A slightly modified version of the Terrestrial Ecozones of Canada, described in the National Ecological Framework for CanadaFootnote4, provided the ecosystem-based units for all reports related to this project. Modifications from the original framework include: adjustments to terrestrial boundaries to reflect improvements from ground-truthing exercises; the combination of three Arctic ecozones into one; the use of two ecoprovinces – Western Interior Basin and Newfoundland Boreal; the addition of nine marine ecosystem-based units; and, the addition of the Great Lakes as a unit. This modified classification system is referred to as “ecozones+” throughout these reports to avoid confusion with the more familiar “ecozones” of the original framework.Footnote5
Ecological classification framework for the Ecosystem Status and Trends Report for Canada.
Long Description for Ecozones+ map of Canada
This map of Canada shows the ecological classification framework for the Ecosystem Status and Trends Report, named “ecozones+”. This map shows the distribution of 15 terrestrial ecozones+, two large lake ecozones+, and nine marine ecozones+.
Permafrost is soil, rock, or sediment that remains at or below a temperature of 0°C for at least two consecutive years. Permafrost has an important influence on the biophysical environment and processes largely because it can contain ice as pore ice, ice lenses, ice wedges, and other massive ice bodies (Mackay, 1972). The permafrost region covers about half the Canadian landmass (Figure 1). In the northern portion of the permafrost region, permafrost is continuous and may be several hundred metres thick and have temperatures colder than −5°C (Heginbottom et al., 1995; Smith et al., 2001a). Further south, permafrost becomes discontinuous and patchy, is only a few metres thick and persists at temperatures approaching 0°C (for example Smith et al., 2008).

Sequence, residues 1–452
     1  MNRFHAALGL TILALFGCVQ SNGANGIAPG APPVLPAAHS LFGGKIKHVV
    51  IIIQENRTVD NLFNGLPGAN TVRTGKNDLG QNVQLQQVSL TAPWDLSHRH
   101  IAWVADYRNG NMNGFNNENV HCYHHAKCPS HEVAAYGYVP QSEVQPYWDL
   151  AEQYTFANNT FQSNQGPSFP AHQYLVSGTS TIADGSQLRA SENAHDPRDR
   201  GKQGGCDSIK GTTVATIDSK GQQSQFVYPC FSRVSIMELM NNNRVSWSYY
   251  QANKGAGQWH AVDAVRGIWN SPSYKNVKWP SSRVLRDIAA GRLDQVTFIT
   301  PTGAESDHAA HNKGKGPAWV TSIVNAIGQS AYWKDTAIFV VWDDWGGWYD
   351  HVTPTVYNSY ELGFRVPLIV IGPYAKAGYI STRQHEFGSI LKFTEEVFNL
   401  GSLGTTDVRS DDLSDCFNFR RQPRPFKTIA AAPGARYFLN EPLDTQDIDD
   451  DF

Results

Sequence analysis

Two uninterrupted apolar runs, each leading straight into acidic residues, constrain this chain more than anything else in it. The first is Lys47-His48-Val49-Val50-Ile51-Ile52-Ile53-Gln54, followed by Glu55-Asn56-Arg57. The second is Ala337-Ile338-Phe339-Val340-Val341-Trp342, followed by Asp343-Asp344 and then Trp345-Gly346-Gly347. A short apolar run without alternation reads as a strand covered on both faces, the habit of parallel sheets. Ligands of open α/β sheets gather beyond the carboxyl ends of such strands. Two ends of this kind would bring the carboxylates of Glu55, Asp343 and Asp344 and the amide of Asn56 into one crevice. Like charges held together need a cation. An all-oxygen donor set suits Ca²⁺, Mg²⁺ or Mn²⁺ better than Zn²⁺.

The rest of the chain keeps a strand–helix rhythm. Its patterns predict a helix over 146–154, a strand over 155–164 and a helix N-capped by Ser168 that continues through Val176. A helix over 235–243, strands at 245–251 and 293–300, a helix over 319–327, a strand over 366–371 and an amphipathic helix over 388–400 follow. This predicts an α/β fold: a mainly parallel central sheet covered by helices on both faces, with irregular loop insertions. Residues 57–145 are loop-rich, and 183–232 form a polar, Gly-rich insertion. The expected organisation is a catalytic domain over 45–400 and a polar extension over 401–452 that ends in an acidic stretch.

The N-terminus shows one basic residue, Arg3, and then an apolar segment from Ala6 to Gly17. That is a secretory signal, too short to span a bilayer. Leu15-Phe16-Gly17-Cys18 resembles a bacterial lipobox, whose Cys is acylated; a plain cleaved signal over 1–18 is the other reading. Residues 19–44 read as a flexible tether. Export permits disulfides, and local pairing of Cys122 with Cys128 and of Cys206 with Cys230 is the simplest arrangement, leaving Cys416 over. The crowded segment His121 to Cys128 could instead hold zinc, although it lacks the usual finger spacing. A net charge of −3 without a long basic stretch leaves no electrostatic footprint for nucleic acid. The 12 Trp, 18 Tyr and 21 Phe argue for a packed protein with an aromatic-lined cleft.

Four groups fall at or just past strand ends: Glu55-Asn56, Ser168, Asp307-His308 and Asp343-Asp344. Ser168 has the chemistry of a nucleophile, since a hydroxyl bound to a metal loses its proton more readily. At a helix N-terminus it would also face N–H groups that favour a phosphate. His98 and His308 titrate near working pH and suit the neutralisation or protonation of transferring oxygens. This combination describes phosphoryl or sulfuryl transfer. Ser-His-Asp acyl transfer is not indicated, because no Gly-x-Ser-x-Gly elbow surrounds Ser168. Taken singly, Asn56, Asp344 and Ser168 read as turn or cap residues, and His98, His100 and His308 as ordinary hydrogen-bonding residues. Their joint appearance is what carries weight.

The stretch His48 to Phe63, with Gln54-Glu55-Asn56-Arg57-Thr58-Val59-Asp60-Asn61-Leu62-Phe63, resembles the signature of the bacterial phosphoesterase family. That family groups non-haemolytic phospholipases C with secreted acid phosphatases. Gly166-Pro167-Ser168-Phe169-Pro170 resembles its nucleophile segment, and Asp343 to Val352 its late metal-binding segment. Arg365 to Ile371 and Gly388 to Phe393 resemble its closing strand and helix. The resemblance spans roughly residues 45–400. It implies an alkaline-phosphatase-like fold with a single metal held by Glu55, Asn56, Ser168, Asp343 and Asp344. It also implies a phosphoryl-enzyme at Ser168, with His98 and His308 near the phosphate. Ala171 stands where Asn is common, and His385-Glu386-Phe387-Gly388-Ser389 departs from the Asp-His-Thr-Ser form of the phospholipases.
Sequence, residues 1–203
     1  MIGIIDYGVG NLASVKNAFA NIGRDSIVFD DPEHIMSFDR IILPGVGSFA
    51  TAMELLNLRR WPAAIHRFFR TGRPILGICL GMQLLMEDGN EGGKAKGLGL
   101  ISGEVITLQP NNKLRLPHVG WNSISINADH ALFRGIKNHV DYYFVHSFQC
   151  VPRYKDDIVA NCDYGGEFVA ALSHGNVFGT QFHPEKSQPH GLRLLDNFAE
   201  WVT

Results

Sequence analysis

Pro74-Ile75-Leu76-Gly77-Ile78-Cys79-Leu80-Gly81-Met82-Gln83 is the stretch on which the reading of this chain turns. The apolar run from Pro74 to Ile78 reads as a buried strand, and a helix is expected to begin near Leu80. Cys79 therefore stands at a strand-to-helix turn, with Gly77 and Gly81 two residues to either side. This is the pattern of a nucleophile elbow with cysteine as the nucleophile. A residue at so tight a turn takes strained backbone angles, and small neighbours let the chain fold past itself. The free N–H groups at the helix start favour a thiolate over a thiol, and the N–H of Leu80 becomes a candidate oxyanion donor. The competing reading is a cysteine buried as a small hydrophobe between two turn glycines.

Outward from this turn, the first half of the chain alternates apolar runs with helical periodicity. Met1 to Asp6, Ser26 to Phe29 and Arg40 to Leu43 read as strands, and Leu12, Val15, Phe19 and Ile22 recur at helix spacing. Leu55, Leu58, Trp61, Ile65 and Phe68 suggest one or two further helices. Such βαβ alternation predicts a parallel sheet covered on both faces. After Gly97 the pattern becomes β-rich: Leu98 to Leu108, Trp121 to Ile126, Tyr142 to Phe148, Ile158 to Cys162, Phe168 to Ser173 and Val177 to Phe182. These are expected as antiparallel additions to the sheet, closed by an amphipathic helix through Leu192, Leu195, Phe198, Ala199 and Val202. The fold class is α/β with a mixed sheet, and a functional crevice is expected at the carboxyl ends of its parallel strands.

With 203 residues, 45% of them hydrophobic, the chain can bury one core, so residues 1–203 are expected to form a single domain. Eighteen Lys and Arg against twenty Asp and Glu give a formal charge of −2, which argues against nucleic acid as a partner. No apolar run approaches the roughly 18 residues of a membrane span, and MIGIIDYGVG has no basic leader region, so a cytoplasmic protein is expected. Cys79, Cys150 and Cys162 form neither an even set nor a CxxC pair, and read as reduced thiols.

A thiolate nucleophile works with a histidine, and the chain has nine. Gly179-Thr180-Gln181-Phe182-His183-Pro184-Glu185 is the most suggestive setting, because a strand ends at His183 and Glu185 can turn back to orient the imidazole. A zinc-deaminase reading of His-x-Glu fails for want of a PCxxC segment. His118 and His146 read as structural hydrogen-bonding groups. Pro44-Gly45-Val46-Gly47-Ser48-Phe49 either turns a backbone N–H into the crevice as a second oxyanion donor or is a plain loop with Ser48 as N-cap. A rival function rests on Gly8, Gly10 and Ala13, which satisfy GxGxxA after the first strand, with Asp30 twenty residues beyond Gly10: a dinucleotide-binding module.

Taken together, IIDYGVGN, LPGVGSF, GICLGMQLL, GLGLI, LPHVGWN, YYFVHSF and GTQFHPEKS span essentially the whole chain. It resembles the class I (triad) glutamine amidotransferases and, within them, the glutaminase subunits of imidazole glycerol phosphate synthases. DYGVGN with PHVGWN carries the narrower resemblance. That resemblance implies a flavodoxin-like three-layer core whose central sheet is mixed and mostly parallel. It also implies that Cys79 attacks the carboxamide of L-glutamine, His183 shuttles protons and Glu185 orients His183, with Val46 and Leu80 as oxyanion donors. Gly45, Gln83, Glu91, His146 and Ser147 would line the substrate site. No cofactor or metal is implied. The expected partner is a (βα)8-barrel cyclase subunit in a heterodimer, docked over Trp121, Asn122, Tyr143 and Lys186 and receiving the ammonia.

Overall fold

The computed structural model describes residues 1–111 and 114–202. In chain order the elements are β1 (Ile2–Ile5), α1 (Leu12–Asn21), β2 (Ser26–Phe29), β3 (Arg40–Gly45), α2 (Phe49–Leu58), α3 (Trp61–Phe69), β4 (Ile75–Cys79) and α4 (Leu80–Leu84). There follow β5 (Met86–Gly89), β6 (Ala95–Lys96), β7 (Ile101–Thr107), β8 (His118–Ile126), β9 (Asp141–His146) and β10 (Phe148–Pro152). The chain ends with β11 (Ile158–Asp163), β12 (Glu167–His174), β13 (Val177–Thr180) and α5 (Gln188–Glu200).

Figure 1. Permafrost map for Canada.
Long Description for Figure 1
This map shows the permafrost region for Canada, displayed as four permafrost zones. The continuous permafrost zone includes the Arctic, most of the Taiga Cordillera, and the northern portions of the Taiga Plains, Taiga Shield, and Hudson Plains ecozones+. The extensive discontinuous permafrost zone includes the northern portion of the Boreal Cordillera, the Great Bear and Great Slave lake regions, runs south of the Hudson Bay and along the north border of east Taiga Shield. The sporadic permafrost zone includes the southern portions of the Boreal Cordillera, Taiga Plains, Hudson Plains, and Taiga Shield ecozones+, and extends as far south as the northern portions of the Pacific Maritime, Montane Cordillera, Boreal Plains, and Boreal Shield ecozones+. The mountain permafrost zone includes the southern portion of the Montane Cordillera Ecozone+ and parts of the Pacific Maritime, Atlantic Maritime, and Newfoundland Boreal ecozones+.